02 Mar New Research May Change the Face of Dyslexia
What do Richard Branson and Tom Cruise have in common besides being famous? They were diagnosed with dyslexia and found the strength to overcome the adversities with which they were faced. Most people, however, do not triumph over their dyslexia and may have to deal with the reading difficulty’s destructive socio-economic consequences and emotional effects. Persistent learning failure may lead to anguish, embarrassment and frustration.
According to popular belief dyslexia is a neurological disorder in the brain which causes information to be processed and interpreted differently, resulting in reading difficulties. Historically, the dyslexia label has been assigned to learners who are bright, even verbally articulate, but who struggle with reading; in short, whose high IQs mismatch their low reading scores. When children are not as bright, their reading troubles have been chalked up to their general intellectual limitations.
However, with the advancement in technology and extensive research, this notion has recently been challenged by neuroscientist John D. E. Gabrieli at the Massachusetts Institute of Technology. The brain imaging scans from the study found that there was no difference between the way poor readers with or without dyslexia think while reading.
The study conducted by Dr. Gabrieli involved 131 children, aged 7 to 16, and following a simple reading test and an IQ measure, each child was assigned to one of three groups: typical readers with typical IQs, poor readers with typical IQs, and poor readers with low IQs. During the test, researchers used functional magnetic resonance imaging (fMRI) to observe the activity in six brain regions identified as being important in connecting print and sound.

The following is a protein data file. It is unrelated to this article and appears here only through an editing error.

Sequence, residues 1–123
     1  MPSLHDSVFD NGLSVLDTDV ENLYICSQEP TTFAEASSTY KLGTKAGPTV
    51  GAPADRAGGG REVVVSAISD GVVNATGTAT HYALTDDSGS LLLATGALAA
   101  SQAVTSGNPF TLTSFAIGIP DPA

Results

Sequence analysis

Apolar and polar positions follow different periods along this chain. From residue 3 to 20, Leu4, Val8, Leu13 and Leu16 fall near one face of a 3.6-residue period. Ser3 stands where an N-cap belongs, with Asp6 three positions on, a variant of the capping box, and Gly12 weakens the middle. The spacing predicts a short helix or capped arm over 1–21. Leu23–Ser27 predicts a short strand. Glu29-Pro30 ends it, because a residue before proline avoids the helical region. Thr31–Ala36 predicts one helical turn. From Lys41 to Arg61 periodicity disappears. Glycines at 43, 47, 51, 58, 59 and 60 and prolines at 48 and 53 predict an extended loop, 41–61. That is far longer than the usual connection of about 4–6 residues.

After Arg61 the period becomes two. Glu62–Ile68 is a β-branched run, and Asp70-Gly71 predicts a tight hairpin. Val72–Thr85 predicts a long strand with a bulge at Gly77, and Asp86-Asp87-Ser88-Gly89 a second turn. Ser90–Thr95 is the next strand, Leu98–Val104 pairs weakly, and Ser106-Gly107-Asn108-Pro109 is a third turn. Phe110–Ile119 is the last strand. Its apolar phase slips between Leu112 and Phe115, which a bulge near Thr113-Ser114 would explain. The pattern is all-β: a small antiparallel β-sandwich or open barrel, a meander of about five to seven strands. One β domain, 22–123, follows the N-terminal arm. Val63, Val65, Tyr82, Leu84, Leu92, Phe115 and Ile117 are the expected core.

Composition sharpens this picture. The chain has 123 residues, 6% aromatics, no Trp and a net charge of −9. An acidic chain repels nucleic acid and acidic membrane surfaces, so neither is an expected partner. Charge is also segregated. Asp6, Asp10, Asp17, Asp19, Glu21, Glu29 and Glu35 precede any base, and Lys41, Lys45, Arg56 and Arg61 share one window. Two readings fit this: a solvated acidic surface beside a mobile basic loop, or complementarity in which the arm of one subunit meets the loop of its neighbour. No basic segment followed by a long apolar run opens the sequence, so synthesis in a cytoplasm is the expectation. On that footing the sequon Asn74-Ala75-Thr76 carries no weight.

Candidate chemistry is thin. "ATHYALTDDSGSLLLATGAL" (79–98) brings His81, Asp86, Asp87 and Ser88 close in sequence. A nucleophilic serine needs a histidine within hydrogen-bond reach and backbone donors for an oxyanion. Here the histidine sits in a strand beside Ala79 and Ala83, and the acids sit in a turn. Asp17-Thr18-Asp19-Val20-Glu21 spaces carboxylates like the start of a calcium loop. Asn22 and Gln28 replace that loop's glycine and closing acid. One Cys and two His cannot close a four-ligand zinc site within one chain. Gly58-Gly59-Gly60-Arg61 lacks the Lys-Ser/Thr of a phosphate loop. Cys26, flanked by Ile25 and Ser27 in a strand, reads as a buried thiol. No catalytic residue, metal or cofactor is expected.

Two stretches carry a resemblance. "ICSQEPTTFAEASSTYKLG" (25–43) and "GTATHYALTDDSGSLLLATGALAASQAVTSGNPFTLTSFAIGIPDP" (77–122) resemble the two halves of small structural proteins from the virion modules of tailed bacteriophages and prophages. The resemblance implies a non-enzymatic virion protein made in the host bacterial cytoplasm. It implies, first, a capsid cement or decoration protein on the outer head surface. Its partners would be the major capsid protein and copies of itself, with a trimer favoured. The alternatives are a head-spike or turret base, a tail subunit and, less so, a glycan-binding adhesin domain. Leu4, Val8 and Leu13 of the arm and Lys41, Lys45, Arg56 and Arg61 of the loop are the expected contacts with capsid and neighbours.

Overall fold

The results indicated that poor readers of all IQ levels showed significantly less brain activity in the six observed areas than typical readers. But there was no difference in the brains of the poor readers, regardless of their IQs.
Susan du Plessis, Director of Educational Programs at Edublox, and author of The Truth About Learning Disabilities, indicates, “IQ tests are an invalid method of diagnosing dyslexia; dyslexia is not a disability, but an inability; all children, regardless of IQ, can learn to read.
“At Edublox we focus on two basic characteristics: firstly that no one can do anything that they have not learned to do, and secondly that the learning process is a stratified process, in other words, it proceeds one step at a time. If you miss out on one of the steps, you can’t simply go on to the next step and hope you’ll understand it. You need to retrace your steps and master each step before moving on to the next step.
“A child who hasn’t learned to count will never be able to add or subtract. In the same way, a child must first acquire certain skills and knowledge before it becomes possible for them to become a good reader. Foundational skills like concentration, visual discrimination, accurate perception and memorising, skills of association, auditory memory and lateral interpretation are all functions that form the foundation of good reading and spelling.
“At Edublox we have had many success stories of learners overcoming their reading difficulties. Kyle Christie from Witbank is a recent example of a learner that went from a borderline failure pupil to an ‘A’ Achiever after committing to the Edublox program,” Du Plessis commented.
Mike Christie, Kyle’s father indicated, “Not only did Kyle’s academic results and achievements improve remarkably as he overcame his reading difficulty, but his self-esteem and confidence in his extra mural activities were also positively impacted. Kyle’s temperament also changed considerably and he is much more relaxed and able to concentrate a lot better than before.”